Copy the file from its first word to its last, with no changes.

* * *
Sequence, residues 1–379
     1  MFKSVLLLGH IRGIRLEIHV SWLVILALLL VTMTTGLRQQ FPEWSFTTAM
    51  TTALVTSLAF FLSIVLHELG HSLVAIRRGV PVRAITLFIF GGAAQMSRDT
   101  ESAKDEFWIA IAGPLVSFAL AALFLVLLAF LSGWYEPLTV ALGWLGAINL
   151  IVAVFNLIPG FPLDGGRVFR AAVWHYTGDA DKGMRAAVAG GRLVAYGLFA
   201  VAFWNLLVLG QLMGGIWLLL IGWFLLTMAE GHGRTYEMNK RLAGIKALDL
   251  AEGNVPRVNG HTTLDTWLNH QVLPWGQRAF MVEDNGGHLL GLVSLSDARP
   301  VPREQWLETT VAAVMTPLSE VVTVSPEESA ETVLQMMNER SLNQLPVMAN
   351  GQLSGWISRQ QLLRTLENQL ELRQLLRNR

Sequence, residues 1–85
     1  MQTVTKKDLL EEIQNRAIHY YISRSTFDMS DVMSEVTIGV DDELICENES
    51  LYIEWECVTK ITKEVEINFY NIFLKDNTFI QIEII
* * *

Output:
Sequence, residues 1–379
     1  MFKSVLLLGH IRGIRLEIHV SWLVILALLL VTMTTGLRQQ FPEWSFTTAM
    51  TTALVTSLAF FLSIVLHELG HSLVAIRRGV PVRAITLFIF GGAAQMSRDT
   101  ESAKDEFWIA IAGPLVSFAL AALFLVLLAF LSGWYEPLTV ALGWLGAINL
   151  IVAVFNLIPG FPLDGGRVFR AAVWHYTGDA DKGMRAAVAG GRLVAYGLFA
   201  VAFWNLLVLG QLMGGIWLLL IGWFLLTMAE GHGRTYEMNK RLAGIKALDL
   251  AEGNVPRVNG HTTLDTWLNH QVLPWGQRAF MVEDNGGHLL GLVSLSDARP
   301  VPREQWLETT VAAVMTPLSE VVTVSPEESA ETVLQMMNER SLNQLPVMAN
   351  GQLSGWISRQ QLLRTLENQL ELRQLLRNR

Sequence, residues 1–85
     1  MQTVTKKDLL EEIQNRAIHY YISRSTFDMS DVMSEVTIGV DDELICENES
    51  LYIEWECVTK ITKEVEINFY NIFLKDNTFI QIEII